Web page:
student leaders

Second Gentleman Douglass Emhoff poses with Hillel at Arizona State University students and Executive Director Debbie Yunker Kail and Assistant Director Taylor Silverman.

Douglas Emhoff, the Second Gentleman of the United States, made a brief visit to the offices of Hillel Jewish Student Center at Arizona State University to speak directly to college students about antisemitism on Thursday, Jan. 18.

Emhoff joined 10 students, Hillel at ASU Executive Director Debbie Yunker Kail and Hillel at ASU Assistant Director Taylor Silverman, for a 50-minute round table discussion, during which Emhoff invited students to share their personal experiences and how the current climate around antisemitism is impacting them as leaders.

ASU senior and Hillel at ASU Student President Zachary Bell was impressed by Emhoff’s ability to listen to each student’s experience and refer back to what they related when he offered his own comments.

“He made it clear that he heard and respected the experiences of everyone in the room,” Bell told Jewish News.

Bell said several students told Emhoff about how they sometimes feel unwelcome in certain student-led multicultural coalitions and initiatives. Emhoff told them it wasn’t the first time he’d heard similar stories and didn’t think it would be the last.

“It was clear that this is an issue he’s passionate about and that he will take concrete steps to make the global climate better,” Bell said.

Roundtable

Second Gentleman Douglass Emhoff leads a round table discussion on antisemitism with Hillel students at Arizona State University.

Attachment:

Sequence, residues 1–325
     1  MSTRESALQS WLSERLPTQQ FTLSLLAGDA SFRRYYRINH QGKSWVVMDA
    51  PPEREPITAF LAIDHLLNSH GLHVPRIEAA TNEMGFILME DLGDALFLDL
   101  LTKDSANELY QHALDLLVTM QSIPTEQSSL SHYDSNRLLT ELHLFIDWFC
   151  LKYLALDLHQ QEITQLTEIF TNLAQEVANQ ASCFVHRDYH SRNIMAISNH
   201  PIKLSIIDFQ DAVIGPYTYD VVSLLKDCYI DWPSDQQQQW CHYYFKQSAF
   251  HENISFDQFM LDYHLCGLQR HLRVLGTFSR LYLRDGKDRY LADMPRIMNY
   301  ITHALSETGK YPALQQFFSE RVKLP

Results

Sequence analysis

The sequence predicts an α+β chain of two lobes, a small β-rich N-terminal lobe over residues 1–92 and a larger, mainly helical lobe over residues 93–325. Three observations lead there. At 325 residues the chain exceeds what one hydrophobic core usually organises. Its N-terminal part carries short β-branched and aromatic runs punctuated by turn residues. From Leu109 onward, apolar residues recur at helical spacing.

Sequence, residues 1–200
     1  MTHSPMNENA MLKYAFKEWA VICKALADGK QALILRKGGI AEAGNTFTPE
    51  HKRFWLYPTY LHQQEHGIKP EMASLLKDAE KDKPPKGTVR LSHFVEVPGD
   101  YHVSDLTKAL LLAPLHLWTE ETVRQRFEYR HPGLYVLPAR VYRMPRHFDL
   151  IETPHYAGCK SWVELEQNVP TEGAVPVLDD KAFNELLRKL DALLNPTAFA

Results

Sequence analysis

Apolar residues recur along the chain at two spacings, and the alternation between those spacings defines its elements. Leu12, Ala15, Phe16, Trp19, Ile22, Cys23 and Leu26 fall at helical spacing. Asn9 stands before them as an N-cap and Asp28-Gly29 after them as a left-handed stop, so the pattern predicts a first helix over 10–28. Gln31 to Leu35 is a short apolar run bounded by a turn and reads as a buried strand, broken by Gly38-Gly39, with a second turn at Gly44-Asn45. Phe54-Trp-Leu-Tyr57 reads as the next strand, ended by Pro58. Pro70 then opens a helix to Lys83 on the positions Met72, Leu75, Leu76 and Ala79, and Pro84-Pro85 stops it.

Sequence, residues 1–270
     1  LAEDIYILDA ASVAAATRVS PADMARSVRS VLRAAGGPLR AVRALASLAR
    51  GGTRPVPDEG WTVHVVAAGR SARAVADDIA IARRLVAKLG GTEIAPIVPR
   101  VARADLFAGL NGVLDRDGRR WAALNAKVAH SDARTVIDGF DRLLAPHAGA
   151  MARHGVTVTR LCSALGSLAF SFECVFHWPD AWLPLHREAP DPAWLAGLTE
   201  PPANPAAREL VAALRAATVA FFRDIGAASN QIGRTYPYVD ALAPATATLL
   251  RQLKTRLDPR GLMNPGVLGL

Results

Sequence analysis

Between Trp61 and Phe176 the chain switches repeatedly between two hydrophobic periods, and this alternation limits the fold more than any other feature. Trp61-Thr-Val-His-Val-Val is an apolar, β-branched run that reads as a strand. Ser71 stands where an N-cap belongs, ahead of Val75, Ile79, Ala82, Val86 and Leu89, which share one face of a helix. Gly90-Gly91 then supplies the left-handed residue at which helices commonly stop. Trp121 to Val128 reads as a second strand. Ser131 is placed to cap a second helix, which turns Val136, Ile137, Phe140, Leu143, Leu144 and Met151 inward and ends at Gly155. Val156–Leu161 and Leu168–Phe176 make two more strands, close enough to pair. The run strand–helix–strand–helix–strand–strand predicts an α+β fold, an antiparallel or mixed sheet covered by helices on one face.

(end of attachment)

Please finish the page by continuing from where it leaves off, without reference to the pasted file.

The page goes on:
Yunker Kail learned of the visit through an email sent to her by a member of Emhoff’s staff on Tuesday afternoon and set about organizing what was intended to be an intimate conversation between Emhoff and a few students.

“His visit was very exciting and we were honored to be selected to facilitate this conversation,” she told Jewish News. “It means a lot that antisemitism is a priority for him, and it means even more that he wants to hear from college students about it and that he chose to visit ASU and hear from the amazing student leaders that I get to work with every day.”

Yunker Kail has been dedicating more of her time recently to providing proactive education about antisemitism. She has added a session in each of Hillel’s classes during which she teaches the history of antisemitism, lets students process their personal experiences and trains them to report incidents.

In addition to an on-campus reporting system, there is ReportCampusHate.org, an online portal to report antisemitic and/or bias incidents targeting Jewish community members on North American college campuses, created through the partnership of Hillel International, the Anti-Defamation League and the Secure Community Network.

“Often, students don’t know that we can help them report incidents, and we want them to know they can come to us no matter how small it is. We want to give them all the resources they need,” she said.

Bell told Emhoff how Hillel works with ASU’s administration to address antisemitic incidents and that students can meet with various deans and administrators to report and discuss any issue.